Across the SoundStage! Network, you’ll find coverage of all kinds of audio products: high-end gear on SoundStage! Ultra, affordable components on SoundStage! Access, headphones and accessories on SoundStage! Solo, lifestyle audio here on SoundStage! Simplifi, portable Bluetooth speakers on SoundStage! Xperience, news and events on SoundStage! Global, and all manner of gear on the mothership—SoundStage! Hi-Fi.

A subject you won’t see covered on any of the SoundStage! sites is vintage audio. No surprise: the focus of the SoundStage! Network is on new audio gear. But there is a large group of hobbyists out there whose passion is restoring and using vintage audio components, and there are lots of websites and stores (online and bricks-and-mortar) that cater to them.

It’s not hard to understand the appeal of this corner of our hobby. What’s not to like about a big walnut-clad stereo receiver from the 1970s or ’80s, with more dials and lights than the bridge of the Starship Enterprise? Or a simple hand-built tube amplifier from the 1960s? With a little TLC, these classics can keep playing music for decades.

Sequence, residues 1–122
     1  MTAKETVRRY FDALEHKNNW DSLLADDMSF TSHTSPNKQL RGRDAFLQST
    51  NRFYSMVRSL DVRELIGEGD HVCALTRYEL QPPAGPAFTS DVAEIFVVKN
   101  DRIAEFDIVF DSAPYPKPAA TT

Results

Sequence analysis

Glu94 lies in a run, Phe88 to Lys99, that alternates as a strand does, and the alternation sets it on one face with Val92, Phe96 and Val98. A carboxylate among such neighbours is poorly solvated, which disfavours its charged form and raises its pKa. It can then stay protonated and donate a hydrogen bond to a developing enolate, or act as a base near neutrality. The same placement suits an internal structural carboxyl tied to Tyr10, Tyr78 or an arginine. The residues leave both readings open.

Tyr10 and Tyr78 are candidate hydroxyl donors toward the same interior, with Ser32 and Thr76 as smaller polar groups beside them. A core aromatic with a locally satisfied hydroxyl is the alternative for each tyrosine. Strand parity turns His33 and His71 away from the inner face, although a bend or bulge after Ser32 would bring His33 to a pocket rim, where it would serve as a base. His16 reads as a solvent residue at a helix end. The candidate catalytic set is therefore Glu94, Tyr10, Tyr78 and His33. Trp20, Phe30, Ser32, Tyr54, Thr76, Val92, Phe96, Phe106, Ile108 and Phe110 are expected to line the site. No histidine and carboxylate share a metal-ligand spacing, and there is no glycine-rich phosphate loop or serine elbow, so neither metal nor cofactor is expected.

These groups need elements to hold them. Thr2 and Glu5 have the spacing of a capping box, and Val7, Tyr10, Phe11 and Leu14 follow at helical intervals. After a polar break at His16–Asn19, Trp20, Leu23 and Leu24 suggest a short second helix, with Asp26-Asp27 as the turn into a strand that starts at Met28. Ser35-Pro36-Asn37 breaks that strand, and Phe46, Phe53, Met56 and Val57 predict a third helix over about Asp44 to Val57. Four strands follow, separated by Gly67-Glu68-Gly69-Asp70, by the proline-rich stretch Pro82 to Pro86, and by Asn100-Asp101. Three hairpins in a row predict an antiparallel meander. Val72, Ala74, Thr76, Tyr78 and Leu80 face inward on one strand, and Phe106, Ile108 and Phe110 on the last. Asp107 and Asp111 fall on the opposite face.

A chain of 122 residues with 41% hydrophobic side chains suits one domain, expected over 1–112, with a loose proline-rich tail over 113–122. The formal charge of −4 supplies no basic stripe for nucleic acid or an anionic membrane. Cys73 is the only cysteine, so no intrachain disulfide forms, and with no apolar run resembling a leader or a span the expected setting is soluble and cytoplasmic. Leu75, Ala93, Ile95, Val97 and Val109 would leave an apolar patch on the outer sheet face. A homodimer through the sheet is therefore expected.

Into the future

It’s easy to add 21st-century capabilities to these 20th-century classics: all it takes is a streaming DAC. This is familiar territory for most Simplifi readers, but vintage-audio enthusiasts who have relied on packaged media for their musical entertainment may face a bit of a learning curve. Here’s a quick 101-level primer for those folks.

Streaming DACs combine two components: a network streamer that can pull digital music from online subscription services and a digital-to-analog converter that converts those bitstreams to a line-level analog signal. Connect the device to a set of RCA analog inputs on your amplifier, install the companion app on a smartphone or tablet, join the streaming DAC to your home network, and you’re ready to go.

The apps for most streamers have integrated support for popular streaming services, including some that offer lossless CD-resolution and hi-rez audio, such as Tidal and Qobuz. Streaming services operate on a subscription basis, and you should be able to set up a trial subscription for a number of them from the app for your streaming DAC; but you might have to do this from a service’s website. The next step is to log on to the service in your streamer’s app, after which you can use the app to cue up music and play it through your hi-fi.


You can also play locally stored music, such as files purchased from download sites or ripped from your own CDs, through your streaming DAC. Some streaming DACs have USB ports for connecting a portable drive loaded with music, and some let you play music stored on the device that’s running the app. Quite a few will also play music files stored on computers connected to your home network; but setting up this function can be a little tricky.